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Strategies to overcome the competition for crop residues in Southern Africa: Some light at the end of the tunnel

By: Wall, P.C.
Material type: materialTypeLabelBookAnalytics: Show analyticsPublisher: New Delhi (India) World Congress on Conservation Agriculture : 2009Description: p. 65-70.Subject(s): Southern Africa | CIMMYT | Crop residues AGROVOC | Conservation agricultureOnline resources: Access only for CIMMYT Staff Summary: Most small-holder farmers in southern Africa rely on maize as their staple food and manage mixed crop/livestock systems where maize is the major crop and maize residues provide a vital source of livestock feed during the dry season when grazing areas are limited. Conservation agriculture on the other hand relies on ground cover with crop residues to achieve its potential to increase crop yields under rainfed conditions and increase soil health and system sustainability. The competition between the soil and animals for the scarce crop residues thus has become a major point for discussion and often disagreement. However, most analyses of total farm productivity during a transition to conservation agriculture from tillage-based agriculture assume that all of the farm will be converted to the new system in a relatively short period of time. This strategy, while conceptually simple, also results in the maximum competition for residues, and as a result tends to force a decision against CA before its promise of increased yields and system sustainability can be achieved. If the farm is converted gradually to CA, then competition is less, the farmer can learn to manage the new system properly under his/her conditions, and soil degradation on the farm can gradually be reverted while crop productivity increases. The reduced risk of crop failure with CA also allows diversification of crops on the farm, and may include the production of forage crops with markedly better nutritional quality than cereal crop residues. Using examples from farmer managed plots in southern Africa the paper will explore the effects on total productivity. However, there are other difficulties with surface residue retention, principally communal grazing rights after harvest and the prevalence of wild fires or bush fires. Both of these need to be taken into account and while the farmer can control aspects of the solution, overcoming the problems will involve important policy decisions at the community and district levels.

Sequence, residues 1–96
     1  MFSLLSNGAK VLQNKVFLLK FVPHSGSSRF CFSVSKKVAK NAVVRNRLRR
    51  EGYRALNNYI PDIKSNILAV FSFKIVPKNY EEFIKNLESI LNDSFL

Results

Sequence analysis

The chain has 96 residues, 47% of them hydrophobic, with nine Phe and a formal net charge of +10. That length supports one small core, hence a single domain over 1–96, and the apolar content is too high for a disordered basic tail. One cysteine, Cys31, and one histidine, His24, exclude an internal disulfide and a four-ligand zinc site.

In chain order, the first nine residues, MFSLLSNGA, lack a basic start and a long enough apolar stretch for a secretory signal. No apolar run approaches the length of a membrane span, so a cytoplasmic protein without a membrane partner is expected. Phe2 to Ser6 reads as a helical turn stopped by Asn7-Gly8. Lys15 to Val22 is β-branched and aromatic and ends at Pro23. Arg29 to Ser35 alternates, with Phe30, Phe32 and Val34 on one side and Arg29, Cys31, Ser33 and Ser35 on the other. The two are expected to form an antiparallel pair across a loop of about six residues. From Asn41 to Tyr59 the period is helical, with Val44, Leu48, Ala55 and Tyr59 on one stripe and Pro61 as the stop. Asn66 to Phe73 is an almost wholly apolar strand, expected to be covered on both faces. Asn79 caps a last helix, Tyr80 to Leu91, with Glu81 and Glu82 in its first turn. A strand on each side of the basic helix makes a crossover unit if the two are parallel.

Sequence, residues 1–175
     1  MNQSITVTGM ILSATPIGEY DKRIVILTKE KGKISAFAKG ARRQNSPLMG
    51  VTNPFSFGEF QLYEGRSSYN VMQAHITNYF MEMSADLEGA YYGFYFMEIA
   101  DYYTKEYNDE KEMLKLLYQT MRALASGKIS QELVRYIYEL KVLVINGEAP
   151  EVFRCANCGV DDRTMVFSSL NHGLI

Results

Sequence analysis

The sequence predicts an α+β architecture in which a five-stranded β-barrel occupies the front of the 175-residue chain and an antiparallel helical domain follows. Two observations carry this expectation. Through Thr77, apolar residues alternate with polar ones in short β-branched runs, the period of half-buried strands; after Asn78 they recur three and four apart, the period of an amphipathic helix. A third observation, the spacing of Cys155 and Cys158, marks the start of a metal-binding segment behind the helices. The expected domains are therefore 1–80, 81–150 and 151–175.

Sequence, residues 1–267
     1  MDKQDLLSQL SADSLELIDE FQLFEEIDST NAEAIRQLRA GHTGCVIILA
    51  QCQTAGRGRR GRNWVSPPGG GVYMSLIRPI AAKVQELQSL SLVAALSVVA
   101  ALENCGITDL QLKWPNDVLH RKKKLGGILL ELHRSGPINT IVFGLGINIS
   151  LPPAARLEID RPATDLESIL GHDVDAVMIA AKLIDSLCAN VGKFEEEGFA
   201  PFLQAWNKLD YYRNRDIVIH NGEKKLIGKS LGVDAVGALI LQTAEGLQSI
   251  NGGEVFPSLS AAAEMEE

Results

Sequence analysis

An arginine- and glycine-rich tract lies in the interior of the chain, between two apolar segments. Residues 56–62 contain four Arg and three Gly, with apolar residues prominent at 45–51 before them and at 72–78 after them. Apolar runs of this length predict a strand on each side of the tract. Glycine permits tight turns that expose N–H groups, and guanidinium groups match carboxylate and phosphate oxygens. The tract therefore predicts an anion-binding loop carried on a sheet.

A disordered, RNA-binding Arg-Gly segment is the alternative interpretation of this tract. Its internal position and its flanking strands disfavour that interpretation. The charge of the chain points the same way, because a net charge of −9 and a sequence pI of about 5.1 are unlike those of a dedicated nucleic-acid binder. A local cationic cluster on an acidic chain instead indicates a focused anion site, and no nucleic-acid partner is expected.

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Conference proceedings CIMMYT Knowledge Center: John Woolston Library

Lic. Jose Juan Caballero Flores

 

CIMMYT Staff Publications Collection CIS-5478 (Browse shelf) 1 Available 637879
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Most small-holder farmers in southern Africa rely on maize as their staple food and manage mixed crop/livestock systems where maize is the major crop and maize residues provide a vital source of livestock feed during the dry season when grazing areas are limited. Conservation agriculture on the other hand relies on ground cover with crop residues to achieve its potential to increase crop yields under rainfed conditions and increase soil health and system sustainability. The competition between the soil and animals for the scarce crop residues thus has become a major point for discussion and often disagreement. However, most analyses of total farm productivity during a transition to conservation agriculture from tillage-based agriculture assume that all of the farm will be converted to the new system in a relatively short period of time. This strategy, while conceptually simple, also results in the maximum competition for residues, and as a result tends to force a decision against CA before its promise of increased yields and system sustainability can be achieved. If the farm is converted gradually to CA, then competition is less, the farmer can learn to manage the new system properly under his/her conditions, and soil degradation on the farm can gradually be reverted while crop productivity increases. The reduced risk of crop failure with CA also allows diversification of crops on the farm, and may include the production of forage crops with markedly better nutritional quality than cereal crop residues. Using examples from farmer managed plots in southern Africa the paper will explore the effects on total productivity. However, there are other difficulties with surface residue retention, principally communal grazing rights after harvest and the prevalence of wild fires or bush fires. Both of these need to be taken into account and while the farmer can control aspects of the solution, overcoming the problems will involve important policy decisions at the community and district levels.

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Jose Juan Caballero

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